5 Ways to Preserve Tool Holder Performance and Prevent Part Errors
Everyone wants to get the most out of their equipment investments—equipment that lasts. It’s also important that it performs and delivers parts on spec the first time. While some may take a “set it and forget it” approach with holders, it’s not recommended, as they have a direct impact on both parts and machinery.
Here are a few of the steps and equipment we recommend for making sure your holders deliver.
1. Connection points must be monitored and maintained
Damage on a holder taper—small dings, scratches, gouges, even debris—can magnify quickly. One bad holder can spread its problems to other machine spindles and holders like an illness and before you know it, there are hard-to-diagnose issues on parts. Plus, during storage and between uses, tool holders run a high risk of picking up oils, dust and other particles that can contaminate their surfaces—besides of course the coolant and chips from inside the machine.
Monitor and clean your holders regularly. If you see an imperfection, get them out of the rotation right away and address any issues as quickly as possible to prevent costly wear and tear.
The same goes for machine spindles and tool bores. Any particles or contamination that gathers between the mating surfaces will begin to grind and cause the surfaces to wear away, weakening the fit and severely impacting machine accuracy. Spindle, taper and bore cleaners help maintain precision and prolong the life of the machine tools, cutting tools and tool holders.
The most common taper cleaners are for HSK and V-flange shanks, and multiple bore cleaner designs exist for uses in shrink fit tool holder bores, milling chuck bores and for the internal tapers of collet chucks.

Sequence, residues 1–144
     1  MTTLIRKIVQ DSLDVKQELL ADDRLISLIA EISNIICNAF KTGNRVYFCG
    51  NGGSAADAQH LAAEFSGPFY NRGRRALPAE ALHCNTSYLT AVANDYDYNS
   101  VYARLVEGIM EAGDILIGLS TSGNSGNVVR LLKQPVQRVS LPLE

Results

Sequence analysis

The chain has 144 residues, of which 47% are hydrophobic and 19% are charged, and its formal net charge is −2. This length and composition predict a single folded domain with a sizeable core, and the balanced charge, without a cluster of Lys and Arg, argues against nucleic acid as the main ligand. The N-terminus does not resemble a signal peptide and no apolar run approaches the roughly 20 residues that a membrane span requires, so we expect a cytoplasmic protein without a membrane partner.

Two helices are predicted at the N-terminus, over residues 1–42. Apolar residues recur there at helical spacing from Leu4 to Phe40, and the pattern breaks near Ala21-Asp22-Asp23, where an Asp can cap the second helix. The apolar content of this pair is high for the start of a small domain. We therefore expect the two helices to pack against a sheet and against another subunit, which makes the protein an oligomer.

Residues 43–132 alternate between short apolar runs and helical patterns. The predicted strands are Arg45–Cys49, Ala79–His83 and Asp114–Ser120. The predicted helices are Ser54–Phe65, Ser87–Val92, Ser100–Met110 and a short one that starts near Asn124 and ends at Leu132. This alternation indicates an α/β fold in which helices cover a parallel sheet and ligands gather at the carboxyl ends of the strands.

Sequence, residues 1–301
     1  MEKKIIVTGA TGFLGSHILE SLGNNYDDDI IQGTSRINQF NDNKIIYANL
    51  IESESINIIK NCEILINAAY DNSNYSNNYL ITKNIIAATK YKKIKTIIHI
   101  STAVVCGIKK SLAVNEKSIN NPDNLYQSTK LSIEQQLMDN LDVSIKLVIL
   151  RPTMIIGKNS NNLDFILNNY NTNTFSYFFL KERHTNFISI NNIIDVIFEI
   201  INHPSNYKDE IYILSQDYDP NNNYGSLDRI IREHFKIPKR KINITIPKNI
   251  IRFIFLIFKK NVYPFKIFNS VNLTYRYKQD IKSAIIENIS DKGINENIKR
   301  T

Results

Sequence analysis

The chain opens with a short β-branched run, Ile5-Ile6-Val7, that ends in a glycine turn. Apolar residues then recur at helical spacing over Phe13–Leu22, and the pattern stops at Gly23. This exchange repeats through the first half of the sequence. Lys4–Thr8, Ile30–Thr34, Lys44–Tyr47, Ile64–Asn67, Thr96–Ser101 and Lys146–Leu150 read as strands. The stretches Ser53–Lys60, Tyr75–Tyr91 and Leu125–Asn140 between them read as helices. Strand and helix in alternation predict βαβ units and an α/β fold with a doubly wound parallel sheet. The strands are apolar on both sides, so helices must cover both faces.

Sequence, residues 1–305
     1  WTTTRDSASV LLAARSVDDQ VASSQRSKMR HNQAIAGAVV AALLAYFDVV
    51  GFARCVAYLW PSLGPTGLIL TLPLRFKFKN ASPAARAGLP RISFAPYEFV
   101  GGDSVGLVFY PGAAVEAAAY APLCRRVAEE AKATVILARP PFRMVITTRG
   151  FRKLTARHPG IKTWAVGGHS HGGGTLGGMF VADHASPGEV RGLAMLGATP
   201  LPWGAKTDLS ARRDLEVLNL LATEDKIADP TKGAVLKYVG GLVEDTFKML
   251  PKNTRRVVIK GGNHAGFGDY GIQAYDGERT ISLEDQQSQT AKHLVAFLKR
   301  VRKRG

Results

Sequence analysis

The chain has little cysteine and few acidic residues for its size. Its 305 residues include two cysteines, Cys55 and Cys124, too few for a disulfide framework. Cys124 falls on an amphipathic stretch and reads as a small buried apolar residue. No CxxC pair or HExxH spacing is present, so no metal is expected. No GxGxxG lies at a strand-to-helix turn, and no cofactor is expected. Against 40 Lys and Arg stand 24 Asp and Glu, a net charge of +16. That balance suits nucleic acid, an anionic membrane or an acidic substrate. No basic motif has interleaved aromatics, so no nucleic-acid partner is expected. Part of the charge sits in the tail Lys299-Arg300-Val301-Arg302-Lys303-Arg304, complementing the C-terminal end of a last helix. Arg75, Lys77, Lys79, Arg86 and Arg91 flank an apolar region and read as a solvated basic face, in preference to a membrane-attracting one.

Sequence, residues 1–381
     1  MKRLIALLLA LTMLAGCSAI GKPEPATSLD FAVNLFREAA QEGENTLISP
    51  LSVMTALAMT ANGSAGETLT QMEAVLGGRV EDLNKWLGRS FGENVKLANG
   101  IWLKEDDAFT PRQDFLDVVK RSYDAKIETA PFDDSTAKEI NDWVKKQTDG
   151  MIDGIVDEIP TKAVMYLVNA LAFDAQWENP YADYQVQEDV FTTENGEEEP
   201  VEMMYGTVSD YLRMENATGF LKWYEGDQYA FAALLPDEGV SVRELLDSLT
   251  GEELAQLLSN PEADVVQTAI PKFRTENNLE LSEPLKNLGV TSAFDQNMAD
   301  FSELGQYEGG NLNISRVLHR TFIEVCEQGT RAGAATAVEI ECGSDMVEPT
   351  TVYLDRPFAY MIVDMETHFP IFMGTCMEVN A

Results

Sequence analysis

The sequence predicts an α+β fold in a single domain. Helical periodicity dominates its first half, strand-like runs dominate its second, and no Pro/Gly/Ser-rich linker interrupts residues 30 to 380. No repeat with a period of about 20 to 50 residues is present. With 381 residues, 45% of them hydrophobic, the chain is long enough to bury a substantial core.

For more tips and ideas on spindle maintenance, e.g. how and why to test static accuracy and retention force, click here.
2. Getting the most out of BIG-PLUS dual-contact holders
If you think your BIG-PLUS tooling is underperforming, there are four factors to consider: dirty shop conditions, automatic tool change misalignment, the age of the machines being used and unlicensed dual-contact tooling. Regrinding a machine spindle is also an option with the help of a certified BIG-PLUS spindle rebuilder —only they have the certified gauges to dial in the proper tolerances.
3. The stakes are high with shrink-fit
If you want to see a full return on your shrink-fit investment and then some, maintenance is critical. When dealing with temperatures that can approach 600 deg. F, the stakes are heightened. This is why we recommend using dry cutting tools without oil on them. From there, diligent attention must be paid to the cleanliness of holder bores and tool shanks. Any contamination will be baked onto the metal and progressively deteriorate performance. Since the holder choice often comes down to shrink fit and hydraulic chucks—and there are some important differences—we took a deeper dive in to their strengths and weaknesses.
4. Maintaining collet concentricity
The power of the collet chuck’s gripping force is in the concentricity and tight tolerances of the clamping surface. To ensure the tool maintains its center and runout is reduced, these surfaces should be monitored and maintained. These tiny crevasses are nearly without some help. We’ve created a scrubbing tool with cleaning strips that safely removes large and small residual particles.
5. Tighten tools with care
Repeated exposure to too much torque can take a toll on tools, especially collet chucks and their clamping mechanism. It’s one of the reasons we’ve developed a series of wrenches to help operators more easily and confidently secure tooling for work.
Craving more holder knowledge? Click here to read about a full Q&A with our VP of Sales and Engineering, Jack Burley, on the topic in Canadian Metalworking.
Tooling and their connections aren’t the only equipment that help deliver better parts when they are properly maintained. You can read more from our experts about how to keep presetters and workholding in a high-performance state.